and prosecute offenses committed within areas of concurrent
jurisdiction. This means that an individual who commits an act
in a place of concurrent jurisdiction that violates both federal
and state law can be tried twice (once in state court and once in
federal court). Each government makes an independent
prosecutorial decision.

Proprietary jurisdiction means that the United States has no


more authority over the area than any other owner of private
property. Proprietary jurisdiction provides no special authority
or power to the federal government. For example, if the federal
government leases an office building to house various federal
agencies, it has only proprietary jurisdiction. Most crimes
committed in the building would be investigated and prosecuted
by the state. However, if a federal government employee is
assaulted there or if federal property is stolen from there, the
perpetrator could also be prosecuted in federal court for those
federal offenses.

150 Criminal Law - Introduction


Many criminal offenses found in state law are not found in
federal law. This is important when investigating offenses on
exclusive and concurrent jurisdiction property. What happens
if someone commits an act on either exclusive or concurrent
jurisdiction property that is a state criminal offense, but not a
federal criminal offense? Does this mean the perpetrator
cannot be tried in federal court? The answer to this question is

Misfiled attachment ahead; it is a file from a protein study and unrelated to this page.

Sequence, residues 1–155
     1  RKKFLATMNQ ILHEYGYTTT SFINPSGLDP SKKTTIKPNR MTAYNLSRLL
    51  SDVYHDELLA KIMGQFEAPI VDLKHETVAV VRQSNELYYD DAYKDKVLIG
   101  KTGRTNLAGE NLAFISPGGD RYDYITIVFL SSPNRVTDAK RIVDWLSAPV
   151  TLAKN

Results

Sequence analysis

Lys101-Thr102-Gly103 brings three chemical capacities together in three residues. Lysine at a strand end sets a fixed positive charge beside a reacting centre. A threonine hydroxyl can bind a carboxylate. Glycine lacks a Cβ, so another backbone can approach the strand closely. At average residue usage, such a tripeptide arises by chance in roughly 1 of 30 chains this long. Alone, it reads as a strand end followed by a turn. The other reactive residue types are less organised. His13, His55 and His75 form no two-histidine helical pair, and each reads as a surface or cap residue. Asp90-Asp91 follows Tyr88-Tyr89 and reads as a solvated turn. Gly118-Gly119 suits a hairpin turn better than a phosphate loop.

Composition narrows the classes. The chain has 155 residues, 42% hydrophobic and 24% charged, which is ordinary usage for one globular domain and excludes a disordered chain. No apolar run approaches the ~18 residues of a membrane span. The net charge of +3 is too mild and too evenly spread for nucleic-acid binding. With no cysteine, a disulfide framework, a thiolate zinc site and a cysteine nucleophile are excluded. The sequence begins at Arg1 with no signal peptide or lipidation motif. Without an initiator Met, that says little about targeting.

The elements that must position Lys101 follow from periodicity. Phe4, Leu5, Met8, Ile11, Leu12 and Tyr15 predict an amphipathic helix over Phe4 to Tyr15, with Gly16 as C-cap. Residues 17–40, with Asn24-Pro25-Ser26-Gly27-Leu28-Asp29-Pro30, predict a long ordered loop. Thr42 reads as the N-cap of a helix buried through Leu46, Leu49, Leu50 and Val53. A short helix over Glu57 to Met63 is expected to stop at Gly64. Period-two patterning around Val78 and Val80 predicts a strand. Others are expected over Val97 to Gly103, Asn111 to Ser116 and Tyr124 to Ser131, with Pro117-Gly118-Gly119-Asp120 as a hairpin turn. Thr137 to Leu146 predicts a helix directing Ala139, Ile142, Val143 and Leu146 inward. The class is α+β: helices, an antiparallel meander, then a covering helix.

found in The Assimilative Crimes Act, 18 U.S.C. § 13. When an
act occurs on exclusive or concurrent jurisdiction property, and
there is no federal criminal statute that prohibits the act, the
Assimilative Crimes Act allows the federal government to adopt
a state criminal statute that prohibits the act, and prosecute it
in federal court as a federal criminal offense. However, state
criminal offenses cannot be assimilated if there is a federal
statute that criminalizes the specific conduct.

Criminal Law - Introduction 151


NOTES

152 Criminal Law - Introduction


Chapter Seven

Assault of Federal Officers or Employees / Bribery

7.1 The Law of Assault and Battery................................153


7.2 Assault – Title 18 U.S.C. § 111 .................................154
7.2.1 Individuals Covered Under the Statute .......................155
7.2.2 Forcibly - Defined .......................................................155
7.2.3 Engaged In or On Account of Official Duties - Defined 156
7.2.4 Penalty .......................................................................157
7.3 Bribery - Title 18 U.S.C. § 201 .................................157
7.3.1 Public Officials - Defined ............................................157
7.3.2 Witnesses ...................................................................158
7.3.3 Directly or Indirectly ...................................................159
7.3.4 Anything of Value .......................................................159
7.3.5 To Influence Any Official Act .......................................159
7.3.6 Gratuities ...................................................................160

7.1 The Law of Assault and Battery

At common law, there were two basic kinds of assault, an


assault by offer and an assault by attempted battery. An
assault by offer is any willful threat to inflict injury upon
another person with the apparent present ability and intent to
do so. The assault by offer puts the victim in apprehension of
immediate bodily harm. For example, an assault by offer is
committed when John, while waving a baseball bat, approaches
Bob and tells him that he is going to pulverize him. It is